The Most Famous

NOBLEMEN from Spain

Icon of occuation in country

This page contains a list of the greatest Spanish Noblemen. The pantheon dataset contains 843 Noblemen, 26 of which were born in Spain. This makes Spain the birth place of the 7th most number of Noblemen behind Austria and Russia.

Top 10

The following people are considered by Pantheon to be the top 10 most legendary Spanish Noblemen of all time. This list of famous Spanish Noblemen is sorted by HPI (Historical Popularity Index), a metric that aggregates information on a biography’s online popularity. Visit the rankings page to view the entire list of Spanish Noblemen.

Photo of El Cid

1. El Cid (1045 - 1099)

With an HPI of 81.45, El Cid is the most famous Spanish Nobleman.  His biography has been translated into 67 different languages on wikipedia.

Rodrigo Díaz de Vivar (c. 1043 – 10 July 1099) was a Castilian knight and warlord in medieval Spain and came to be known by the Moors as El Cid, and by the Christians as El Campeador. He was born in Vivar del Cid, a village near the city of Burgos. As the head of his loyal knights, he came to dominate the Levant of the Iberian Peninsula at the end of the 11th century. He reclaimed the city of Valencia from Moorish control for a brief period during the Reconquista, creating the independent Señorío de Valencia from 17 June 1094 until his death in 1099; his wife, Jimena Díaz, inherited the city and maintained it until 1102 when it was reconquered by the Moors. Díaz de Vivar became well known for his service in the armies of both Christian and Muslim rulers. After his death, El Cid became Spain's celebrated national hero and the protagonist of the most significant medieval Spanish epic poem, El Cantar de Mio Cid, which presents him as the ideal medieval knight: strong, valiant, loyal, just, and pious. There are various theories on his family history, which remains uncertain; however, he was the grandfather of García Ramírez de Pamplona, King of Navarre, the first son of his daughter Cristina Rodríguez. To this day, El Cid remains a popular Spanish folk-hero and national icon, with his life and deeds remembered in popular culture.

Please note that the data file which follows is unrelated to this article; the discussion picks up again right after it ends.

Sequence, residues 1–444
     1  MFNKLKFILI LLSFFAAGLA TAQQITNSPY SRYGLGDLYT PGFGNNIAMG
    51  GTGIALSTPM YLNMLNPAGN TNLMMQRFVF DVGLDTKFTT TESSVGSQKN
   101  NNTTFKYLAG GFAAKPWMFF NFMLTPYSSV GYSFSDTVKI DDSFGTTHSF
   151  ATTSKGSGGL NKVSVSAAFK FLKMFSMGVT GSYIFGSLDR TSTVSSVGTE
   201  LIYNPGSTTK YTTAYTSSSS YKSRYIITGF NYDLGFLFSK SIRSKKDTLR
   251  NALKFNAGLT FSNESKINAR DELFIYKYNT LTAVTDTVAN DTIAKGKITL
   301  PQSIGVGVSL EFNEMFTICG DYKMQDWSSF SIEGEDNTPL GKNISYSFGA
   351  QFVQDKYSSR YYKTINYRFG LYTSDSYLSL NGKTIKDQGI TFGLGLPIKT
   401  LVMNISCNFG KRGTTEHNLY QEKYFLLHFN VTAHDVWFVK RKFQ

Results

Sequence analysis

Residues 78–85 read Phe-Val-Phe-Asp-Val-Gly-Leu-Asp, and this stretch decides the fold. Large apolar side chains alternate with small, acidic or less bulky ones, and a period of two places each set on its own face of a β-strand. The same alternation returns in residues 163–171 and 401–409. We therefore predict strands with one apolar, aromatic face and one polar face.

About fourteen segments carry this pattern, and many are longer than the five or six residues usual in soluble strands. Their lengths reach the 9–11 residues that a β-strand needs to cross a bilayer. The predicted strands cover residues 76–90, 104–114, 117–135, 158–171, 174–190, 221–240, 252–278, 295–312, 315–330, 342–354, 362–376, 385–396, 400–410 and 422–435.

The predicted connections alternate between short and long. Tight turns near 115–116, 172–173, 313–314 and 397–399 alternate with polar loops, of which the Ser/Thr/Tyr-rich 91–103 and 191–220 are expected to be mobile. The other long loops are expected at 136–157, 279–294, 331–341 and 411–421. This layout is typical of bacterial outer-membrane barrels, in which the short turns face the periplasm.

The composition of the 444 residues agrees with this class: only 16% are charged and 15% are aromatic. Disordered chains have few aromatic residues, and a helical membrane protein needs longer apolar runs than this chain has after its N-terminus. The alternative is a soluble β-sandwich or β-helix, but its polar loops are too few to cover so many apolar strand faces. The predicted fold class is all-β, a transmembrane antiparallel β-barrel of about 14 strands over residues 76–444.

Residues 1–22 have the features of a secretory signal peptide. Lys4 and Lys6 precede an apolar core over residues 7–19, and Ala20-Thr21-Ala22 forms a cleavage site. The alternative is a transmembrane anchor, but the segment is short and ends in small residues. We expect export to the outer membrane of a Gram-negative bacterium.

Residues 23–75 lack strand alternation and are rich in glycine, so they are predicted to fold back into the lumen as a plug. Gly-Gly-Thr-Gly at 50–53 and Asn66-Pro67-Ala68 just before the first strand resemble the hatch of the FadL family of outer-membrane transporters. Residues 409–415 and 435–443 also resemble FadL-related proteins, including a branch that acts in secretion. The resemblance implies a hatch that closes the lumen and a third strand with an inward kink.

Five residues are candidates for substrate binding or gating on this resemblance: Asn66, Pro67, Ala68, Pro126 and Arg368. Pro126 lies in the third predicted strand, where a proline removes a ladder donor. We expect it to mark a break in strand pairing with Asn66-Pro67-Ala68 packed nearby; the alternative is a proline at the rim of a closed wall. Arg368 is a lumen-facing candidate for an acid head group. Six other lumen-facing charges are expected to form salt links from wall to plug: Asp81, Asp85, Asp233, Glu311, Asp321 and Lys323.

Photo of Anne of Austria

2. Anne of Austria (1601 - 1666)

With an HPI of 81.42, Anne of Austria is the 2nd most famous Spanish Nobleman.  Her biography has been translated into 52 different languages.

Anne of Austria (French: Anne d'Autriche; 22 September 1601 – 20 January 1666), a Spanish princess and an Austrian archduchess of the House of Habsburg, was queen of France as the wife of Louis XIII, and powerful regent of France during the minority of her son, Louis XIV, from 1643 to 1651. During her regency, Cardinal Mazarin served as France's chief minister. Accounts of French court life of her era emphasize her difficult marital relations with her husband, her closeness to her son Louis XIV, and her disapproval of her son's marital infidelity to her niece and daughter-in-law Maria Theresa.

Photo of Queen Fabiola of Belgium

3. Queen Fabiola of Belgium (1928 - 2014)

With an HPI of 73.15, Queen Fabiola of Belgium is the 3rd most famous Spanish Nobleman.  Her biography has been translated into 40 different languages.

Doña Fabiola de Mora y Aragón (11 June 1928 – 5 December 2014) was Queen of the Belgians from her marriage to King Baudouin in 1960 until his death in 1993. The couple had no children, so the Crown passed to her husband's younger brother, King Albert II.

Photo of Felipe VI of Spain

4. Felipe VI of Spain (1968 - )

With an HPI of 72.53, Felipe VI of Spain is the 4th most famous Spanish Nobleman.  His biography has been translated into 88 different languages.

Felipe VI or Philip VI (Spanish: [feˈlipe]; Felipe Juan Pablo Alfonso de Todos los Santos de Borbón y Grecia; born 30 January 1968) is the King of Spain. He ascended the throne on 19 June 2014 upon the abdication of his father, Juan Carlos I. His mother is Queen Sofía, and he has two elder sisters, Infanta Elena, Duchess of Lugo, and Infanta Cristina. In 2004, Felipe married TV news journalist Letizia Ortiz with whom he has two daughters, Leonor (his heir presumptive) and Sofía. In accordance with the Spanish Constitution, as monarch, he is head of state and commander-in-chief of the Spanish Armed Forces with military rank of Captain General, and also plays the role of the supreme representation of Spain in international relations.He is a great-great great grandson of Queen Victoria of the United Kingdom and 3rd cousins once removed of Elizabeth II of the United Kingdom.